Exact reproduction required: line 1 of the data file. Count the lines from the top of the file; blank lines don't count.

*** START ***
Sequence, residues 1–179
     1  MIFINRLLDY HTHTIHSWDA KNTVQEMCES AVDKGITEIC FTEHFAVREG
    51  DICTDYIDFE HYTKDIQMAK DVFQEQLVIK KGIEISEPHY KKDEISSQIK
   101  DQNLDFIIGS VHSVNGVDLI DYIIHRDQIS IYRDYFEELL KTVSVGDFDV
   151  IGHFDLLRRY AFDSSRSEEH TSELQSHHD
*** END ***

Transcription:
Sequence, residues 1–179